When I interviewed Dr. Catherine Kreatsoulas* about the research paper she presented last month in Vancouver at the Canadian Cardiovascular Congress(1), she mentioned her previous heart study that caught my attention.
I was surprised by her explanation from that earlier research on how some women describe their chest pain during a heart attack (2), as she told me: . .
“What we found fascinating in that study is that women would use a host of descriptive language to describe their heart attack symptoms, whereas men’s symptom vocabulary was generally more succinct.
“I cannot count the number of times I observed a physician leaning over a female heart patient prior to going for an angiogram, while asking: ‘So tell me about your chest pain’, and the woman very quick to respond:
“Well, I don’t really have chest pain. I have a discomfort, it’s more like pressing. I wouldn’t call it chest pain, I would describe it more as a bad ache.”
“And much to my amazement, I would observe the physician/resident record in the patient’s notes, ‘No CP’ – meaning no chest pain!
“We have no way of accurately estimating just how many patient charts have documented ‘No CP’ – when perhaps a more descriptive term for ‘chest pain’ expressed was used by the patient.” .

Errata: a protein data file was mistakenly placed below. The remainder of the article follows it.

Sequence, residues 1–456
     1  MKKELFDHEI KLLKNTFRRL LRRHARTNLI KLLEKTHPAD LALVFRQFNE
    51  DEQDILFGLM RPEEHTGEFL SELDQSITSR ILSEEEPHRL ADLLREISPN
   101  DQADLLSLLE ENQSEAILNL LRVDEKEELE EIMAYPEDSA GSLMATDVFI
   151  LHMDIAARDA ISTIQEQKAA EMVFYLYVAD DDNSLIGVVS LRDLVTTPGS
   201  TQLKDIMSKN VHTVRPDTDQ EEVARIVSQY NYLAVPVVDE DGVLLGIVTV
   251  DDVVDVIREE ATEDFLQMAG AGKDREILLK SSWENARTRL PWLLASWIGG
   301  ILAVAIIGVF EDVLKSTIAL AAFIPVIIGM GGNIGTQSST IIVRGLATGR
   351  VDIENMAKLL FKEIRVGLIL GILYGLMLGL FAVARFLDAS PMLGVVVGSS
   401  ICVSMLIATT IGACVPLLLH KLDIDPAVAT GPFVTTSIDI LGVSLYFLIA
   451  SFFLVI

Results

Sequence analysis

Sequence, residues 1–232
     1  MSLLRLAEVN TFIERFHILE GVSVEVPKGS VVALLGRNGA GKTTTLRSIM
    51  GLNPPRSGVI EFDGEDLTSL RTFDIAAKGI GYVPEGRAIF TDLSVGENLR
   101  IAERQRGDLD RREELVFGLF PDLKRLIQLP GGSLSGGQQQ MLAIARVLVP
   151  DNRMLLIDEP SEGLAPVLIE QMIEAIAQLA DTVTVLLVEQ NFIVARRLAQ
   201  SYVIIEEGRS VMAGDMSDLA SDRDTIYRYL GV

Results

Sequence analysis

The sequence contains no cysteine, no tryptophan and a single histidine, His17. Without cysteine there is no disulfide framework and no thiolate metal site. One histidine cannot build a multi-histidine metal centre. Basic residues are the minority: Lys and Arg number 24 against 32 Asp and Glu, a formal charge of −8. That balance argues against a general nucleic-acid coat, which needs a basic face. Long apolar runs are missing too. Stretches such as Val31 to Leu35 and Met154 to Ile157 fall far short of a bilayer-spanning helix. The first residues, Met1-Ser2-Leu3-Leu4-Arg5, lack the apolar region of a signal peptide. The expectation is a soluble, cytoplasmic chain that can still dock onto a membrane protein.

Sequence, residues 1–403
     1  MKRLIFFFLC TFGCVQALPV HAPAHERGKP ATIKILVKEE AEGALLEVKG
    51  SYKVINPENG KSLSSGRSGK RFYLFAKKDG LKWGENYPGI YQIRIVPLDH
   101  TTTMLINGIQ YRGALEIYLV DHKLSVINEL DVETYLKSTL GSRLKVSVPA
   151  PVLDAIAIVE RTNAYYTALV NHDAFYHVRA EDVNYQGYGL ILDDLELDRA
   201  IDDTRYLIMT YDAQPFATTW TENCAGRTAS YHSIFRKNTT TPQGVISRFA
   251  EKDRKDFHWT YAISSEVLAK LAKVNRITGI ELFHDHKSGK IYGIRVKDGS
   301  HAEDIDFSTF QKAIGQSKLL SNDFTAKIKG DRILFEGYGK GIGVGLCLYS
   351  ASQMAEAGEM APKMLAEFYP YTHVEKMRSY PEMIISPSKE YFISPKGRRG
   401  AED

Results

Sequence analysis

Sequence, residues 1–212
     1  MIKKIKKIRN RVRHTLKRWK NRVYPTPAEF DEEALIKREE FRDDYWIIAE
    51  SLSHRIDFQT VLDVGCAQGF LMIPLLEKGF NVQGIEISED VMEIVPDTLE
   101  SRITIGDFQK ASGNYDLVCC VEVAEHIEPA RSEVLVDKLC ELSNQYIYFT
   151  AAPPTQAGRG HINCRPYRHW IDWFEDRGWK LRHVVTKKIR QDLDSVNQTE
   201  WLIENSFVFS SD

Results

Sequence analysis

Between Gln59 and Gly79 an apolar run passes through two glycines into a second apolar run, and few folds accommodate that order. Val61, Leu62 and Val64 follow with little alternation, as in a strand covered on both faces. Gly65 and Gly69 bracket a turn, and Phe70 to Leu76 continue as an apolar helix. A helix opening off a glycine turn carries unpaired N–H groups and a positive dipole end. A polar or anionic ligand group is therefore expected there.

This observation made sense to me, as I have frequently heard female heart attack survivors describe their own chest symptoms as “pressure, heaviness, fullness, tightness, aching, burning” – rather than with the word “pain”. See also: How Does it Really Feel to Have a Heart Attack? Women Survivors Answer That Question
If there is actually such a person working in medicine, it means we have a lot more work to do to help enlighten them before they misdiagnose us and send us home.
And if a symptom anywhere in the chest area is worrisome enough to propel a woman to seek emergency medical care, let’s not split hairs if it doesn’t look exactly like this:
Pictures like this in the media are, in my opinion, downright dangerous for women experiencing cardiac symptoms. They continue to perpetuate the misguided notion that THIS is what a heart attack always looks like – which would be a profoundly false notion.